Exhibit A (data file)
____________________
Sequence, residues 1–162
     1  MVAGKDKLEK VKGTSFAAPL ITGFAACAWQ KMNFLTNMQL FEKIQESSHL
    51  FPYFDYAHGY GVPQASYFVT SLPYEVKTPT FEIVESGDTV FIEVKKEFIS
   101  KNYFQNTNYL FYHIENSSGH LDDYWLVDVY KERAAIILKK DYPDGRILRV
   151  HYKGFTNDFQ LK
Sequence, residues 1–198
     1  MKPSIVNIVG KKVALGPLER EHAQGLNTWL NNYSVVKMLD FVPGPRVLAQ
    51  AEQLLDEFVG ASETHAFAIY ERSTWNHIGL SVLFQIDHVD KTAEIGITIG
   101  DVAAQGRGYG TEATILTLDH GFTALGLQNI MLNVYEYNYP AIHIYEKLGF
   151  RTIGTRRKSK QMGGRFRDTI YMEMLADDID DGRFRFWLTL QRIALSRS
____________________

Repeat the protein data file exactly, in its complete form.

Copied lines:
Sequence, residues 1–162
     1  MVAGKDKLEK VKGTSFAAPL ITGFAACAWQ KMNFLTNMQL FEKIQESSHL
    51  FPYFDYAHGY GVPQASYFVT SLPYEVKTPT FEIVESGDTV FIEVKKEFIS
   101  KNYFQNTNYL FYHIENSSGH LDDYWLVDVY KERAAIILKK DYPDGRILRV
   151  HYKGFTNDFQ LK
Sequence, residues 1–198
     1  MKPSIVNIVG KKVALGPLER EHAQGLNTWL NNYSVVKMLD FVPGPRVLAQ
    51  AEQLLDEFVG ASETHAFAIY ERSTWNHIGL SVLFQIDHVD KTAEIGITIG
   101  DVAAQGRGYG TEATILTLDH GFTALGLQNI MLNVYEYNYP AIHIYEKLGF
   151  RTIGTRRKSK QMGGRFRDTI YMEMLADDID DGRFRFWLTL QRIALSRS